Skip To Content
Breaking News

10 Jews You Need To Follow on Snapchat

Snapchat, it’s what the kids are doing.

Even if you’ve never used Snapchat — an ephemeral video- and image-sharing social media platform — you’ve probably seen its bright yellow ghost logo. By “ephemeral” we mean that most videos and images — known as “snaps” — disappear forever from the app within 24 hours of being posted.

Snapchat was launched in 2011 by Evan Spiegel, 26, who came up with the idea for a class project while he was a student at Stanford — he dropped out in 2012 to work on Snapchat full time. It’s now worth more than $2 billion and has over 100 million daily users — that’s more than Twitter.

Over half of Snapchat users are millennials, and they are on it all the time. There are many wonderful things about the app, like fun filters that can recognize your face and change it into anything from a bumblebee to a hot dog. Yet the app itself is not particularly intuitive for first-timers, which is maybe why some older users don’t exactly have an easy time with it.

If you want to delve into the world of Snapchat — and trust us: you should — here are some famous Jews you need to follow:

1) (Eden Eats)

This Cooking Channel star has a delicious Snapchat account, from culinary adventures to snaps of delicious dishes to behind-the-scenes peeks of the TV host getting ready for shoots. Grinshpan is a charming, captivating personality, and her excitement about food is infectious. Warning: Don’t watch her Snaps when you’re hungry.

2) Chelsea Handler (ChelseaHandler)

Jewish comedienne Chelsea Handler is just as hilarious and uninhibited on Snapchat as she is on TV — you can see her goading co-workers, family members and even her adorable dogs. But the best part of her snaps are her absolutely terrible rap songs, which she posts almost every day, without fail (“Kanye and Drake doing an album together, I should do a verse my rhyme float like a feather, I be doing… wait, what rhymes with feather?”). It’s an unedited, intimate look into Handler’s life, and it’s honestly quite delightful.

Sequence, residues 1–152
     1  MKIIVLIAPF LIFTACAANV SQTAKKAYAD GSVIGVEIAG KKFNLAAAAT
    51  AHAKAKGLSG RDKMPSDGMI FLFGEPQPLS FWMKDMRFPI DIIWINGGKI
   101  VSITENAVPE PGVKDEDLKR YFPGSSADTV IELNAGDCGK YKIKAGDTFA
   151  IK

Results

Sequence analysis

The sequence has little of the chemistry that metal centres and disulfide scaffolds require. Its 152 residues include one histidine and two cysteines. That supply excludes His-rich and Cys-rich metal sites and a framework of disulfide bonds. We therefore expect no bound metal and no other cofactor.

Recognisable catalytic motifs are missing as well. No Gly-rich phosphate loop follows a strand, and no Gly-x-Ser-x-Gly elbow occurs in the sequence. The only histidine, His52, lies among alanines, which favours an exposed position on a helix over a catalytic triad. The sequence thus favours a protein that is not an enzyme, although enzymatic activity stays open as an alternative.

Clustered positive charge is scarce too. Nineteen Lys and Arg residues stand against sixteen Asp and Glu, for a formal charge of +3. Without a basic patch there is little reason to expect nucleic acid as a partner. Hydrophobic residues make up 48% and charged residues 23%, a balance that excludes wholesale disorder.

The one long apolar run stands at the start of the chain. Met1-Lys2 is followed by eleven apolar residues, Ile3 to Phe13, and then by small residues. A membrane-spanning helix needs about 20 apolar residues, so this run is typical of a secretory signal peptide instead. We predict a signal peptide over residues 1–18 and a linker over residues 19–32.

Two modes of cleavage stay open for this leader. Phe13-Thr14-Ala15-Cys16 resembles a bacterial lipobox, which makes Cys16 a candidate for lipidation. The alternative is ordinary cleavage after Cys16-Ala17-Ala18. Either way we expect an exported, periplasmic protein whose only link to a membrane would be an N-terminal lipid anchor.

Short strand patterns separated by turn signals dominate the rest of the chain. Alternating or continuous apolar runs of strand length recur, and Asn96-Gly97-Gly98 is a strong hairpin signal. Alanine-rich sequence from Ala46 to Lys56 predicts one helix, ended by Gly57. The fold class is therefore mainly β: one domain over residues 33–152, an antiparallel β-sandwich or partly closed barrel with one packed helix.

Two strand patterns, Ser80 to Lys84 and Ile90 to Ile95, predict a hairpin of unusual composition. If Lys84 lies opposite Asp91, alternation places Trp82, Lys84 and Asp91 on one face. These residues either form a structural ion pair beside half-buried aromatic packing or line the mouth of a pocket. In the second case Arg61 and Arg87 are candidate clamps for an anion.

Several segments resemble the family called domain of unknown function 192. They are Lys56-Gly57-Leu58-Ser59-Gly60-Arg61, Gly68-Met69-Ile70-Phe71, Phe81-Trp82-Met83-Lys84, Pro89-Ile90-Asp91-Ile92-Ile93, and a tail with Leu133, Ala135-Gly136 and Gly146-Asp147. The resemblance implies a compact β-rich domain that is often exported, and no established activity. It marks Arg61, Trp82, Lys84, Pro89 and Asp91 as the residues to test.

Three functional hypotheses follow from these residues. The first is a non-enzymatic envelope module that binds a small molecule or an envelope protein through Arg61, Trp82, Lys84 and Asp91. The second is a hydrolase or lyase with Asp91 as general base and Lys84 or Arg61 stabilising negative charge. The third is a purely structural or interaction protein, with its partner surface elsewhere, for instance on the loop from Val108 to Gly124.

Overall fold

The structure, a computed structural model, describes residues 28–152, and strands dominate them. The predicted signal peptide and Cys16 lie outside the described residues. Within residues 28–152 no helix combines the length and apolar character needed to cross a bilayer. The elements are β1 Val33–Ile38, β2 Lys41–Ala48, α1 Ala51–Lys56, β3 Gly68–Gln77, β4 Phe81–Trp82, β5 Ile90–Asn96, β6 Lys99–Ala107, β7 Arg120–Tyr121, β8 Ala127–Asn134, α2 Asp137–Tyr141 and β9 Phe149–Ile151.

3) “Man Repeller” (manrepeller)

When Leandra Medine — a graduate of Ramaz, a modern Orthodox day school in Manhattan — started Man Repeller in 2010, it was just a blog that celebrated colorful, out-of-the-box and traditionally “unflattering” fashion. Now, Man Repeller is a multi-media brand — they even have a collab with TopShop — that has a presence on every social media platform, including Snapchat. Their eclectic Snapchat account offers a behind-the-scenes look at the Man Repeller office in New York, complete with “guest snaps” from staffers, glimpses into Medine’s glamorous life and, of course, lots of glittering fashion.

4) Sandra Lawson (sandrajlawson)

Curious about the future of Judaism? Rabbinical student Sandra Lawson is living it on Snapchat. Aside from her masterful use of filters, this lesbian, vegan, black rabbinical student spends much of her time explaining weekly Torah portions and demystifying Judaism. Though she encourages her followers to snap at her with questions about religious practice, Lawson also shares moments from her day-to-day life, like her morning runs.

5) Bob Saget (bobsterclaw)

You loved him as Danny Tanner in “Full House,” where he was surrounded by young adolescents — so we guess Saget on Snapchat isn’t really that different. The Jewish comedian may not be a heavy Snapchat user — don’t expect hourly, or even daily, updates — but the glimpses into his life are funny, odd and delightful.

6) Debra Messing (therealdebram)

You remember Jewish actress Debra Messing from “Will and Grace,” or maybe more recently from “The Mysteries of Laura,” or her brief speech at the Democratic National Convention. Messing, who is already an avid tweeter, has taken to Snapchat to share glimpses of her personal life, including her Pokemon catching adventures in Central Park with her teenage son.

7) Israeli Air Force